Vocal Chord Dysfunction, Not Asthma

FRESNO, Calif.

Music has been part of Samantha Trattner's life since she was a little girl.

"I was named 'the jukebox' in preschool," Samantha Trattner, who suffers from VCD, told Ivanhoe.

After picking up the guitar two years ago, she was hooked.

"There's nothing in the world that makes me happier," Samantha said.

When Sam was in middle school, she was diagnosed with asthma, but at the end of her sophomore year, her symptoms got worse. She was hospitalized and then diagnosed with vocal chord dysfunction, a syndrome that causes asthma-like symptoms as a result of abnormal closure of the vocal cords. Doctors told Sam her singing days were over.

"I literally broke down, and I started crying," Samantha said.

Sam refused to accept it. She found speech pathologist Dr. Celia Santine. She helped Sam get her voice back with simple breathing exercises.

"When the person is trying to breathe in and inhale, the vocal chords decide that they need to close, so they start tightening and tightening and tightening," Celia Santini, Ph.D., a speech pathologist at Florida Hospital Sports Center and Rehab, told Ivanhoe.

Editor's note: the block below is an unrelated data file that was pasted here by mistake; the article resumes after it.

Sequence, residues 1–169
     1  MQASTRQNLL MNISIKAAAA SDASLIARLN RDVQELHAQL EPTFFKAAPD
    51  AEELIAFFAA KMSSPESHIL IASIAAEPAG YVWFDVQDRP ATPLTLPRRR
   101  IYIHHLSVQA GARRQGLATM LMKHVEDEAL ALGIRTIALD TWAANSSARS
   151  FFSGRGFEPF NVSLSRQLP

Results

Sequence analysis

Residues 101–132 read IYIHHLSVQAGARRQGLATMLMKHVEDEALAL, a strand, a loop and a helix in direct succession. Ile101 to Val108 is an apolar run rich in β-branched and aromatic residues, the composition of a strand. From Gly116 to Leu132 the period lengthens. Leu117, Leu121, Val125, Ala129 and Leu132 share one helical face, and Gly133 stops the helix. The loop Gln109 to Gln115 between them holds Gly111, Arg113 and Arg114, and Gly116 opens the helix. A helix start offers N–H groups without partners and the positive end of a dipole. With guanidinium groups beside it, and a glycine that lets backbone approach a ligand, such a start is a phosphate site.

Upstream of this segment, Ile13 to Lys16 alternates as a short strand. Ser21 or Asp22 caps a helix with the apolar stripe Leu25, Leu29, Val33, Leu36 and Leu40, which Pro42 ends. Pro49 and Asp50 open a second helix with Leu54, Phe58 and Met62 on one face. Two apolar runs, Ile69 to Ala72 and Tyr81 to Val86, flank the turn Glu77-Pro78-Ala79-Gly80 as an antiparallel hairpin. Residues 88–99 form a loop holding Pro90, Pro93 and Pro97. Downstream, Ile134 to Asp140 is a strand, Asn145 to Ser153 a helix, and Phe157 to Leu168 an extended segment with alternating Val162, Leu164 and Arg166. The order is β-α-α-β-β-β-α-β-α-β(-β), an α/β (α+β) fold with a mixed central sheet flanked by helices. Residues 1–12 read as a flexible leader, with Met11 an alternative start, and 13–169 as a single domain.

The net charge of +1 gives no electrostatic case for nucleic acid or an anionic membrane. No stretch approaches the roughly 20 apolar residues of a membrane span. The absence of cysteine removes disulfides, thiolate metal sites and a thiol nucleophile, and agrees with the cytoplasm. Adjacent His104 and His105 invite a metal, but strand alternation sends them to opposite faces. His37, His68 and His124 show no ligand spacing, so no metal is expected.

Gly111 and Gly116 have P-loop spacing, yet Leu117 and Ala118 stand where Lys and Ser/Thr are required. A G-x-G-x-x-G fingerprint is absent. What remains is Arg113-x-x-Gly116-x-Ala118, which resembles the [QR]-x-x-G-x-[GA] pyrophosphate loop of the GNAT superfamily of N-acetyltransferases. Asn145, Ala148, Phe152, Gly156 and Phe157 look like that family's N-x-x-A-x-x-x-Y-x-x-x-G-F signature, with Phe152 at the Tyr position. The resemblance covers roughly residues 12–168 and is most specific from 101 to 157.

"She helped me with an exercise I like to call birthday cake," Samantha said. "It's where you press your lips together and breathe out first and then you suck a little bit of air back in and you breathe out again, and slowly, you relax your lips slowly each time until you're breathing normally again."

After a few sessions with Dr. Santini, Sam couldn't believe the results. She took her newfound confidence to the stage, winning first place at a national songwriting competition, where she sang a song she wrote about her struggle with VCD.

"That's the best feeling in the world knowing that I can help someone else," Samantha said.

The cause of VCD is not fully known or understood. The breathing exercises help with the symptoms, but the disease never fully goes away. For it to work, Dr. Santini says it's important for patients to do them daily before an attack happens. Other than asthma symptoms, a hidden symptom of VCD could be a soft coughing every three to 10 seconds.

If this story or any other Ivanhoe story has impacted your life or prompted you or someone you know to seek or change treatments, please let us know by contacting Marsha Hitchcock at mhitchcock@ivanhoe.com.

FOR MORE INFORMATION, CONTACT:
Ashley White/ Media Relations
Florida Hospital
ashley.white@flhosp.org
(407) 303-8214

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